Executives today face many challenges to their businesses, from uncertain economic growth to the speed of technological change. Add the clear and present risks of cyberattacks, changing customer behaviors, and you have a landscape in which the first-line owners of risk must also take the lead in managing that risk.
When the first line is in the driver’s seat for risk decision-making, companies report a more rigorous approach to determining risk appetite and tolerance, along with better overall risk management effectiveness – and, they’re more likely to expect revenue and profit margin growth.
Statistical history illustrates the move toward collaborative, business-led risk management: In comparing Risk in review survey results from 2017 and 2015, we see ownership and management of risk by the second line of defense flat or trending downward across 7 of the 11 risk areas we surveyed in both years. Meanwhile, ownership and management of risk by the first line trended upward in 5 of 11 areas.
For example: Particularly large changes occurred in the management of operational risk, where 50% of respondents reported managing from the first line, versus 43% in 2015.
“After nearly 15 years of SOX experience, and with the financial crisis of 2007–09 receding further in the rearview mirror, companies are evolving their risk efforts to meet the needs of their current environment.”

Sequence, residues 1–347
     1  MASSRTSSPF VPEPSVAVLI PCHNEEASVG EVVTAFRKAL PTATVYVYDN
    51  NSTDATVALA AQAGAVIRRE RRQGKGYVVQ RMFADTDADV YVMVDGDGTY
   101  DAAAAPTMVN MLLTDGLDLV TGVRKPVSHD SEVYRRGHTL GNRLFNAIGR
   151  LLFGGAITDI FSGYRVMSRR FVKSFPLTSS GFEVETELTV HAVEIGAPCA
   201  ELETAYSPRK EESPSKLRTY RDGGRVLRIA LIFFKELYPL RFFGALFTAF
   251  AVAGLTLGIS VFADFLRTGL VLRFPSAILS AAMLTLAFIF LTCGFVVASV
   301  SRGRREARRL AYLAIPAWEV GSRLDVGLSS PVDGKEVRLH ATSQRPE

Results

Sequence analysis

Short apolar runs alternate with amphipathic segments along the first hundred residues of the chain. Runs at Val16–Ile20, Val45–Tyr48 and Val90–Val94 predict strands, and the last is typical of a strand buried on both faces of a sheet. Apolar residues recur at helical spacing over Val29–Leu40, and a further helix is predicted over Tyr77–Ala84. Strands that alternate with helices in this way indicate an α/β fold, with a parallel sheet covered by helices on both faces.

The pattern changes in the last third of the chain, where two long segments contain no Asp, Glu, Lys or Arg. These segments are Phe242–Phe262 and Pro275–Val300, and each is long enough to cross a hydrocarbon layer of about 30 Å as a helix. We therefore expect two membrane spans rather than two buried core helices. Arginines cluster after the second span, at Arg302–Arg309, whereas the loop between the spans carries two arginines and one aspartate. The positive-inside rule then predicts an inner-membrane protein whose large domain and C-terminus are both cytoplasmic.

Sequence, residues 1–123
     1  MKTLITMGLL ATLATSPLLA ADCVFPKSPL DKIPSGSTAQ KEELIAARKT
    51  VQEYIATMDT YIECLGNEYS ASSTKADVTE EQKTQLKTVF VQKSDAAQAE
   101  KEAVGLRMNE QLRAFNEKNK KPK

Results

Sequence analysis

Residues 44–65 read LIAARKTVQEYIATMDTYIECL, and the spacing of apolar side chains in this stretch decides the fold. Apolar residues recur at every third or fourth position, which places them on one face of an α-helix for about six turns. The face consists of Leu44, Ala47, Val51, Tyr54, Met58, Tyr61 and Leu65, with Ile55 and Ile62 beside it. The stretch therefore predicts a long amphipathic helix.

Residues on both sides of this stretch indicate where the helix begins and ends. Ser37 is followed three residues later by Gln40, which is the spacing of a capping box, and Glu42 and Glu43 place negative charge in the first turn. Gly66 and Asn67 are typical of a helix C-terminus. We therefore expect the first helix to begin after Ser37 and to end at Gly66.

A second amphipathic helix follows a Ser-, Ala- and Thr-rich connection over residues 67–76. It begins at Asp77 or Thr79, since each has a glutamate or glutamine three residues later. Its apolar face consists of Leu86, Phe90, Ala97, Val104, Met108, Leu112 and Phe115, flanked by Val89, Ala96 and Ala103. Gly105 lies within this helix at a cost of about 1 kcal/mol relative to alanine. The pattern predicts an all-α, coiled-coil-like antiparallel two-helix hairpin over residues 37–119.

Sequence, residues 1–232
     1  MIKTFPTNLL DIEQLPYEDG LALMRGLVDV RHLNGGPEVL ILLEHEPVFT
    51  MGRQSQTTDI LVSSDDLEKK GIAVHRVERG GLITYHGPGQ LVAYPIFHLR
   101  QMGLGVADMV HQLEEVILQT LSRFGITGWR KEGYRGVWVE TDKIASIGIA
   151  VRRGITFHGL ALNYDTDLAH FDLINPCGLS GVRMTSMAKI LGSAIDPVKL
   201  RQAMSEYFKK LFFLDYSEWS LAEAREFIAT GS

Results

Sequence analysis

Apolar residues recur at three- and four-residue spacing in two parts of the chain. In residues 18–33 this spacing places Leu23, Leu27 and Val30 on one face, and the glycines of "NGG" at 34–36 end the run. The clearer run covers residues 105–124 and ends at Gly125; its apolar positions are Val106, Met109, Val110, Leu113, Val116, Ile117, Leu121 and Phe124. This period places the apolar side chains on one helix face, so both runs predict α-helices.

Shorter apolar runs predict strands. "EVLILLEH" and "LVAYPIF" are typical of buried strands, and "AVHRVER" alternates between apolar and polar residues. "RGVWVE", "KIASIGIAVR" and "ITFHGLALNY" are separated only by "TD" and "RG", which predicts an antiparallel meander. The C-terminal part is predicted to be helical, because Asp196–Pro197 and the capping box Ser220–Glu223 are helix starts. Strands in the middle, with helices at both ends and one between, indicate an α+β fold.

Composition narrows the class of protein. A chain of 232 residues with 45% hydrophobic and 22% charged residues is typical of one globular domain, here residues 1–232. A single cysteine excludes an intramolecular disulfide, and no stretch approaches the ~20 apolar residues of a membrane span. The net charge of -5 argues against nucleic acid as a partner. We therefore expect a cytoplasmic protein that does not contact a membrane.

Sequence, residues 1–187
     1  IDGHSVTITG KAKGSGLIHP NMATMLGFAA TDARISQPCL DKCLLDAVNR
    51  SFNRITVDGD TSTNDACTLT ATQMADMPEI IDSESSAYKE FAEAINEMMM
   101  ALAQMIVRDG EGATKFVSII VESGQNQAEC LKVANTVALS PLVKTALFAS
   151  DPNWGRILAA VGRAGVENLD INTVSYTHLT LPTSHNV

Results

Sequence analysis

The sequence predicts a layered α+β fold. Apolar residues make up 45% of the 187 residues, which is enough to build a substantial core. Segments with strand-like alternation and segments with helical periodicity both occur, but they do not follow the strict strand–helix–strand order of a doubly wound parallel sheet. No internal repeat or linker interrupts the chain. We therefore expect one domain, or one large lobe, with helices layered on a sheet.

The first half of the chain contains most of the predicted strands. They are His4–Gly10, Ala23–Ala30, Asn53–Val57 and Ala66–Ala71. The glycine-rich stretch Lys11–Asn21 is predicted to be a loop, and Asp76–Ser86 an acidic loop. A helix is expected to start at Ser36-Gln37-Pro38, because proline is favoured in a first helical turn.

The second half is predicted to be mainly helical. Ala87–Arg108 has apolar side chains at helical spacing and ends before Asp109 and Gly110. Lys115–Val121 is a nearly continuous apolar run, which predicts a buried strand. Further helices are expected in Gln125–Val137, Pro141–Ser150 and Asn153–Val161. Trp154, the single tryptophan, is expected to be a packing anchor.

This shift is timely. For more than a decade, many companies’ risk management efforts functioned primarily as compliance exercises aligned with the requirements of the Sarbanes-Oxley (SOX) and Dodd-Frank acts. These efforts naturally elevated the positions of chief risk officers and audit leaders in the overall risk management hierarchy.
While shifting decision-making to the first line may register as a threat to second-line leaders, it in fact represents an opportunity. By aligning all lines of defense within a closely collaborative, strategic framework, business-led risk management allows the second and third lines to sharpen their focus and become true partners in creating value for the enterprise.
Our Front Liner companies are more likely than respondents overall to take a rigorous approach to risk management, leveraging a clearly defined risk appetite and leading practices.
Effective risk management execution requires buy-in across the organization, with the first line ensuring that risk management aligns with strategy and that the second and third lines of defense get the resources they need to support risk management throughout the company. Survey results from our leading Front Liner companies indicate that this type of business-led approach supports more effective risk management and more robust revenue and profit margin growth.
As a group, Front Liners are also more likely than other respondents to say they manage effectively across all areas of risk on which we surveyed.
The differences are stark.
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